|31 July, 2019

Wednesday outlook: Asian shares drop amid renewed trade tensions

MSCI's broadest index of Asia-Pacific shares outside Japan fell 0.7% to the lowest since June 19, while Japan's Nikkei declined by 1%

U.S. President Donald Trump addresses Turning Point USA's Teen Student Action Summit in Washington, U.S., July 23, 2019.

U.S. President Donald Trump addresses Turning Point USA's Teen Student Action Summit in Washington, U.S., July 23, 2019.

REUTERS/Jonathan Ernst
  • Asian shares retreat on Trump comments
  • Oil prices gain close to 0.7 percent
  • Dubai’s index rises 1.1 percent
  • Dollar and gold prices unchanged

Global markets

Asian shares dropped early on Wednesday on renewed trade tensions between the United States and China, after U.S. President Trump warned China against waiting out his current presidential term before finalising a trade deal.

As a new round of U.S.-China trade negotiations started in Shanghai, Trump tweeted that, if he wins re-election in November 2020, the outcome could be no agreement or a harsher one.

MSCI's broadest index of Asia-Pacific shares outside Japan fell 0.7% to the lowest since June 19, while Japan's Nikkei declined by 1%.

Major Wall Street stock averages ended slightly lower on Tuesday, with the S&P 500 .SPX losing 0.26%.

Investors will also be looking at the U.S. Federal Reserve meeting later in the day, with high expectations on the Fed cutting interest rates.

“We expect the Fed to cut rates by 25 basis points and keep the door open to further rate cuts, which should be sufficient to keep markets satisfied,” Mayank Mishra, a macro strategist at Standard Chartered Bank in Singapore, told Reuters.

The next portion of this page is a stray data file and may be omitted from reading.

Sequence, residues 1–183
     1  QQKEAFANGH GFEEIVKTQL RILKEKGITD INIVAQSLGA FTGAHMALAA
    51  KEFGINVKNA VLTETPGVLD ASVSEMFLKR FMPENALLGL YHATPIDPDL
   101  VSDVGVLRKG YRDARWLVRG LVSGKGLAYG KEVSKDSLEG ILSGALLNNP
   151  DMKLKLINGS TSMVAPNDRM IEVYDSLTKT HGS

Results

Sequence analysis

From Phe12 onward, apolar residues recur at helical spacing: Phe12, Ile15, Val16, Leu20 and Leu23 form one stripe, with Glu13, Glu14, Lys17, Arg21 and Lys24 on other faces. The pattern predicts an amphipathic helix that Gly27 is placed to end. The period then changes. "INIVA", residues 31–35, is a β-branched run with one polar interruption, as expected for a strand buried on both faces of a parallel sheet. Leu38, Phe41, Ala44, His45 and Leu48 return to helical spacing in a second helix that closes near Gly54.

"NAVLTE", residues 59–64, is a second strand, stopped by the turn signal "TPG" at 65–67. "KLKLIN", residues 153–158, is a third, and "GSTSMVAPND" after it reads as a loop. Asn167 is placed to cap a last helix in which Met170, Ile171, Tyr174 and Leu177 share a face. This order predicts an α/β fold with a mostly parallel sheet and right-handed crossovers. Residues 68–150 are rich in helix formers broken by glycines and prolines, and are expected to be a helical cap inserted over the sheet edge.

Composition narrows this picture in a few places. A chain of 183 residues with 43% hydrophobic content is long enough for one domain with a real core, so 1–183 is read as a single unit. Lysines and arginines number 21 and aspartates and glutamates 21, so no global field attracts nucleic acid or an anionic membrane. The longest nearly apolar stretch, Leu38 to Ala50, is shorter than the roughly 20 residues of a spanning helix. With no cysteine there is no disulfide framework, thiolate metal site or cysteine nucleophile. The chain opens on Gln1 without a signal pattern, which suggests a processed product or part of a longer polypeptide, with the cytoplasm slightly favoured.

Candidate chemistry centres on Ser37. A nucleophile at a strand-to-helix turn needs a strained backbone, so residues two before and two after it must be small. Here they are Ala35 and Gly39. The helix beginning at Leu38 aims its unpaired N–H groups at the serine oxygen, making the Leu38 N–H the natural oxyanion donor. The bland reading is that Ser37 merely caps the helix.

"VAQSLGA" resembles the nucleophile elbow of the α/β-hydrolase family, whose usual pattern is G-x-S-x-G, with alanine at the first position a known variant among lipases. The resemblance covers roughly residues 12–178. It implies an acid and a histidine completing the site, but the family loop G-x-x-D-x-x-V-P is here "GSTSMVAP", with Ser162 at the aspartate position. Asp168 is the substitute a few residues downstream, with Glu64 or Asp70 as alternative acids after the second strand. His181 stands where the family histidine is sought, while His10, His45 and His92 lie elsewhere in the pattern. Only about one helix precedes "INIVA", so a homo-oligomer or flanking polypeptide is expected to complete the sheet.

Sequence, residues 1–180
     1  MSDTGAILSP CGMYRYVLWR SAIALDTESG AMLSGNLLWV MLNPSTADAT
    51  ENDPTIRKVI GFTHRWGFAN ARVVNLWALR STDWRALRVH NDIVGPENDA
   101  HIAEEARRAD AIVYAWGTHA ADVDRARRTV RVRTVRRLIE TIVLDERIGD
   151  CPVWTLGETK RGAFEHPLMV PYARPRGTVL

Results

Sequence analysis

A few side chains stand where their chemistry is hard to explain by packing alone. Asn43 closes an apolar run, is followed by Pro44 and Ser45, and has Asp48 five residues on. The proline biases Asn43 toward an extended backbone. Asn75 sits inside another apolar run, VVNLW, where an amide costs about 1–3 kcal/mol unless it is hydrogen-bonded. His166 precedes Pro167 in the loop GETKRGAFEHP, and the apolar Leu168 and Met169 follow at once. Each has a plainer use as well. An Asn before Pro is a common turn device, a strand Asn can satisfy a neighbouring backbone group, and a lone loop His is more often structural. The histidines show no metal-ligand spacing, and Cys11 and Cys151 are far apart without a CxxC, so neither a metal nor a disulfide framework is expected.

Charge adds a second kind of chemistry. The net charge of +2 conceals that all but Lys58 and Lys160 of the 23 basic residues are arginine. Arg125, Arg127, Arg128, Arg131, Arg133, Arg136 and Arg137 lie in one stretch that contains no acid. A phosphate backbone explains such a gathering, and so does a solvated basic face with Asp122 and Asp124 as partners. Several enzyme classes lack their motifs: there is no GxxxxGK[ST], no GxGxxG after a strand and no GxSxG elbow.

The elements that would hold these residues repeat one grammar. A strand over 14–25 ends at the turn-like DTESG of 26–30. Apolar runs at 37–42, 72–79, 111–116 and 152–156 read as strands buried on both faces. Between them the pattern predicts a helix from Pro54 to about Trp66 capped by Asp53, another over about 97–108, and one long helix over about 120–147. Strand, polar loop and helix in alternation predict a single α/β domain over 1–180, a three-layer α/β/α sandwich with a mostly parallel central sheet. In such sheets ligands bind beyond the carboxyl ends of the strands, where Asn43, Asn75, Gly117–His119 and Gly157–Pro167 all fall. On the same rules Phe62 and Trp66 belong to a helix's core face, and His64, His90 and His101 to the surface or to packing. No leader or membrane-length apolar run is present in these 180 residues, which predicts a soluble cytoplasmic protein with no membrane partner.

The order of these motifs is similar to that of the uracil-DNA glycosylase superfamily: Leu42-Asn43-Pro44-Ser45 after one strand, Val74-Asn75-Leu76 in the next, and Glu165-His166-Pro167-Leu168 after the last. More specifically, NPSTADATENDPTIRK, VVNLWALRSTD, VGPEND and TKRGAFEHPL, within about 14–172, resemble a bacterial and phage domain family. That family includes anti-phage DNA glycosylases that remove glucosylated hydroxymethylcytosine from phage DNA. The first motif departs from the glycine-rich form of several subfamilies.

“U.S.-China trade talks have just started after a long hiatus. I don’t think expectations are that high.”

Oil prices

Oil prices rose on Wednesday on a drop in U.S. inventories.

Crude stockpiles fell again last week, along with gasoline and distillate inventories, data from industry group the American Petroleum Institute (API) showed on Tuesday.

Brent crude LCOc1 was up 44 cents, or 0.7%, at $65.16 a barrel by 0324 GMT.

U.S. West Texas Intermediate crude CLc1 gained 41 cents, or 0.7%, to $58.46 a barrel.

“The market is quite optimistic leading into what the Fed is going to do on interest rates and as a result of that we’ll see more demand,” Jonathan Barratt, chief investment officer at Probis Group in Sydney, told Reuters by phone, referring to the widely expected cut.

Middle East markets

Saudi Arabia’s index edged up 0.1 percent on Tuesday as Al Rajhi Bank gained 1% and Riyad Bank gained 2.4%.

Dubai's index rose 1.1%, boosted by real estate and financial stocks. Emaar Properties gained 1.5%.

In Abu Dhabi, the index closed 0.6% lower. Emirates Telecom Group slipped 1.4% and the United Arab Emirates' biggest lender, First Abu Dhabi Bank, edged down 0.5%.

Qatar's index slipped 0.1%, primarily driven by a 2% fall in Qatar Islamic Bank.

Egypt's blue-chip index was down 0.4%, with El Sewedy Electric dropping 7.9%.

Kuwait’s premier market index dropped 0.5%, while Bahrain’s index added 0.7% and Oman’s index edged up 0.1%.

Currencies

The dollar firmed on Wednesday ahead of the Fed meeting.

The dollar index .DXY, which measures the greenback against a basket of six major currencies, stood little changed at 98.055.

Precious metals

Gold was unchanged early on Wednesday.

Spot gold was little changed at $1,428.54 per ounce as of 0114 GMT.

U.S. gold futures were steady at $1,441.50 an ounce.

(Reporting by Gerard Aoun; Editing by Mily Chakrabarty)

(gerard.aoun@refinitiv.com)


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